II. Factual and Procedural Background

         On June 10, 2016, the Government filed a petition for revocation of Ramone Parker's supervised release, alleging violations of several conditions of release. Parker takes issue with the allegation that he violated a condition requiring that he “not commit another federal, state or local crime” by murdering Lamondo Brown on May 28, 2016 (Doc. 39, p. 1).

         Lamondo Brown was murdered in Cahokia, Illinois. The Major Case Squad of Greater St. Louis identified a car that passed him shortly before his death as one belonging to the girlfriend of Jarrett Richardson. On May 30, 2016, Major Case Squad investigators and parole agents from the Illinois Department of Corrections arrested and questioned Richardson about his role in the murder. In a series of interviews, Jarrett initially denied having any knowledge of Brown's murder before eventually confessing that he was driving the car that passed Brown moments before Brown was shot. According to Jarrett, however, it was Parker who got out of the car, while it was still moving, and shot at Brown.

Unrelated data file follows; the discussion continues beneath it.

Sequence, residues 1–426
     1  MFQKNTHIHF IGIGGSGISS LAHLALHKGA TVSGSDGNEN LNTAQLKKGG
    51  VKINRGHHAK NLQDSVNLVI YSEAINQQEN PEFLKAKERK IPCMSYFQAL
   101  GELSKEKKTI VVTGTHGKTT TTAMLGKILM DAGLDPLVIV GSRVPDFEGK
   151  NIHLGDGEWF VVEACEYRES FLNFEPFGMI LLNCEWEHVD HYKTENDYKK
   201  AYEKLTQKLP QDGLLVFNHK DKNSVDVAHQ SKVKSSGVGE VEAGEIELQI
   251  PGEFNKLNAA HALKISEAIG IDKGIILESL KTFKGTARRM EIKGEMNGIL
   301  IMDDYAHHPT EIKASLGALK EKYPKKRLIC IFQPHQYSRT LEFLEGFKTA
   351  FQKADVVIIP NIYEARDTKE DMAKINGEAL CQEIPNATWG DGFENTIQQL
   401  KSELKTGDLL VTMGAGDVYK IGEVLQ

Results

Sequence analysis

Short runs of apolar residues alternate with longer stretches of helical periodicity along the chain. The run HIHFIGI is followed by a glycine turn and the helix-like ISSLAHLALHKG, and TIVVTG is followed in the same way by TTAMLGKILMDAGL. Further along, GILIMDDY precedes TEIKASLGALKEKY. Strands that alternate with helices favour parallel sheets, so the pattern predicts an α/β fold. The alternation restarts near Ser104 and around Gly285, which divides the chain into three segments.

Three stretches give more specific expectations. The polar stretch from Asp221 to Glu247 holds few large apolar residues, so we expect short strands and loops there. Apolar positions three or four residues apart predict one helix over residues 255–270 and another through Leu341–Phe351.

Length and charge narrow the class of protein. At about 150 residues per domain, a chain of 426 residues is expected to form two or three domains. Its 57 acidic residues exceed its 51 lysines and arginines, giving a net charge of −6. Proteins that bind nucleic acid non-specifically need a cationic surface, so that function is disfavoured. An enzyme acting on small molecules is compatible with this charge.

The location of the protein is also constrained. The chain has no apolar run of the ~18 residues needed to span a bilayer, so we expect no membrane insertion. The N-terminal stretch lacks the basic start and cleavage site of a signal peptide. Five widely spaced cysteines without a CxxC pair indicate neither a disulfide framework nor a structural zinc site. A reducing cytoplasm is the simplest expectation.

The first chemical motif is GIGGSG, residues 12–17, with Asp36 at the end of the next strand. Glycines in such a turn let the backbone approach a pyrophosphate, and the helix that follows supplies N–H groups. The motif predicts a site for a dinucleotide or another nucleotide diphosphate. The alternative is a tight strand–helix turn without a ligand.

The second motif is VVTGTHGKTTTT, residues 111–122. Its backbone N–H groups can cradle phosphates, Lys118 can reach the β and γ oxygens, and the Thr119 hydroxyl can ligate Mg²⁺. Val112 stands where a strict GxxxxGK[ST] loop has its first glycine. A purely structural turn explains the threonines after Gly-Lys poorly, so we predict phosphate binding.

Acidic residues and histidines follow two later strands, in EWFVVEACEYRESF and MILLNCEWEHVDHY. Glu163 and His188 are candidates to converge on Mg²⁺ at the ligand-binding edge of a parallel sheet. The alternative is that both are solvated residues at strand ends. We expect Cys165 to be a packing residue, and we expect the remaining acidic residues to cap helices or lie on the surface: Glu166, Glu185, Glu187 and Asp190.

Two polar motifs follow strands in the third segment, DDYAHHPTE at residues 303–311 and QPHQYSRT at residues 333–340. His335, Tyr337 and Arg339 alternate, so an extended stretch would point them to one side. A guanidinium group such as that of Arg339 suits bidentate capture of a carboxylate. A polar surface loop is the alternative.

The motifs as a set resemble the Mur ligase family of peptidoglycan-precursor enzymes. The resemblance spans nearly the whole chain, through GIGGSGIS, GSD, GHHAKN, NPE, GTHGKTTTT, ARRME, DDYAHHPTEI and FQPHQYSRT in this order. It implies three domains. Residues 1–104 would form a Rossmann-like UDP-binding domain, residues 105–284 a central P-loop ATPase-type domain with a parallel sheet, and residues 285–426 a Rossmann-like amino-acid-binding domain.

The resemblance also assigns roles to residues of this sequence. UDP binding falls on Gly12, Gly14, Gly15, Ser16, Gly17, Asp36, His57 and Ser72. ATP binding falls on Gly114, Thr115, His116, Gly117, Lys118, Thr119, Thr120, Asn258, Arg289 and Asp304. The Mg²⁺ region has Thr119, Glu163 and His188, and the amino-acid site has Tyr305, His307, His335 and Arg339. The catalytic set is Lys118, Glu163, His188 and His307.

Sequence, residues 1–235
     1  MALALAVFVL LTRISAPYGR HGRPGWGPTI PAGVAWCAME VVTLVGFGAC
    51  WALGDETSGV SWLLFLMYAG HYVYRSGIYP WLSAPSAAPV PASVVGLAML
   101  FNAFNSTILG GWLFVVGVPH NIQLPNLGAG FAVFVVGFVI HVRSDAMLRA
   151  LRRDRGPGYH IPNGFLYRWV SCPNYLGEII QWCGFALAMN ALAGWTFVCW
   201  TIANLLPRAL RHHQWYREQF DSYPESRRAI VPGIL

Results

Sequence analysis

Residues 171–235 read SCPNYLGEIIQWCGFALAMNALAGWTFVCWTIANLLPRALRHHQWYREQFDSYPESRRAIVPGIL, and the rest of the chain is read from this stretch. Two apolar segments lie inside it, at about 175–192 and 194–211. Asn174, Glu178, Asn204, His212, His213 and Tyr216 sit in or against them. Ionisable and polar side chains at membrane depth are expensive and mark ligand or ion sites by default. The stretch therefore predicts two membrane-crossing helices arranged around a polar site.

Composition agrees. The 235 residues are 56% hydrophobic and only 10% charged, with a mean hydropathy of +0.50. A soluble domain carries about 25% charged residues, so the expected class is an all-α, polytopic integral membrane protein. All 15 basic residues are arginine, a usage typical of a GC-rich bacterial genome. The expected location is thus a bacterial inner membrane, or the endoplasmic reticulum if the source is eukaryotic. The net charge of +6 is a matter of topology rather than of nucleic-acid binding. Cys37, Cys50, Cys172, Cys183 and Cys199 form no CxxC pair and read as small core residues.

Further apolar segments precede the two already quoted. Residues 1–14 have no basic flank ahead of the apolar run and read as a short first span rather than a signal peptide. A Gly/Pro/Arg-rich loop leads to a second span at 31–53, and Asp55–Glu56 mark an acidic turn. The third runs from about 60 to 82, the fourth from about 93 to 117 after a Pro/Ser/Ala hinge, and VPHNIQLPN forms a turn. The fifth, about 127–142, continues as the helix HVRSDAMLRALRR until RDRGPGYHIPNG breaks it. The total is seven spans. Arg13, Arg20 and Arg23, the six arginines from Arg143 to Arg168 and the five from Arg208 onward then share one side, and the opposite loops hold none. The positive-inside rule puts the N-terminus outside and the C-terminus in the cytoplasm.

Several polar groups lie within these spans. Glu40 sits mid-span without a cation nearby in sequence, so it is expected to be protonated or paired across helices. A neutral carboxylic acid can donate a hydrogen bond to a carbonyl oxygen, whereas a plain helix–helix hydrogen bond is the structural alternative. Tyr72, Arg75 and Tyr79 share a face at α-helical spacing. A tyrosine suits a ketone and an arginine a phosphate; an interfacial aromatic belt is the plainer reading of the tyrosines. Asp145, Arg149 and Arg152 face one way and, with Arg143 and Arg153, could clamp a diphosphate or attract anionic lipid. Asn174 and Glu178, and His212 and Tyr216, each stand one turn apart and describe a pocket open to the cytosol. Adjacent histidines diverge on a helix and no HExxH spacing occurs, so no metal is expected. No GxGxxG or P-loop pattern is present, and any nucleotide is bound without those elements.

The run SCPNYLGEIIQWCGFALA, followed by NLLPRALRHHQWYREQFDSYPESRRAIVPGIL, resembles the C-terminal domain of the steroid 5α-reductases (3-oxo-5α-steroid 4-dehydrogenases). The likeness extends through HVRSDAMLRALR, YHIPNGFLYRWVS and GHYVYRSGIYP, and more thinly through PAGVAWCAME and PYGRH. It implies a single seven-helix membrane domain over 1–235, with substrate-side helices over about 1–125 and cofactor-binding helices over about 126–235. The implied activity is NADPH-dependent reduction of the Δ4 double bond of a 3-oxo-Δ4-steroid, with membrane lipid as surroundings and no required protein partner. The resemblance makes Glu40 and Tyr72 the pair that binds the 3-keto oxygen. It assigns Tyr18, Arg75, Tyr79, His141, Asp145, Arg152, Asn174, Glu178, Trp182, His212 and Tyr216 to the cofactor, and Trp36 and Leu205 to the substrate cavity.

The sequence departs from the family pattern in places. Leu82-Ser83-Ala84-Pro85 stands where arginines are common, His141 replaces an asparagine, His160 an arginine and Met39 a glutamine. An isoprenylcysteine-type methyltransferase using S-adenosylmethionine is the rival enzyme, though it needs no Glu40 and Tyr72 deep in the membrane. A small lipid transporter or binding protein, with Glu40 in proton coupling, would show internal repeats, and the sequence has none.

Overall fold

During his first interview on May 30, 2016, Richardson slouched in his chair and appeared uninterested in speaking with the investigators. When asked about details related to the investigation, he claimed that he did not know what the investigators were talking about. The investigators took a break before returning for a second interview. Richardson continued to insist that he had no information about Brown's murder, even after investigators showed him evidence that contradicted his story. After being presented confronted with the conflicting information, Richardson's conversation with the investigators became heated. Richardson asked for an attorney, and the interview ended. Later that evening, Richardson withdrew his request for an attorney and slowly became more cooperative with the officers. That night, he asked to speak to his mother and girlfriend, saying that he would be ready to talk with investigators if they would allow him to make phone calls.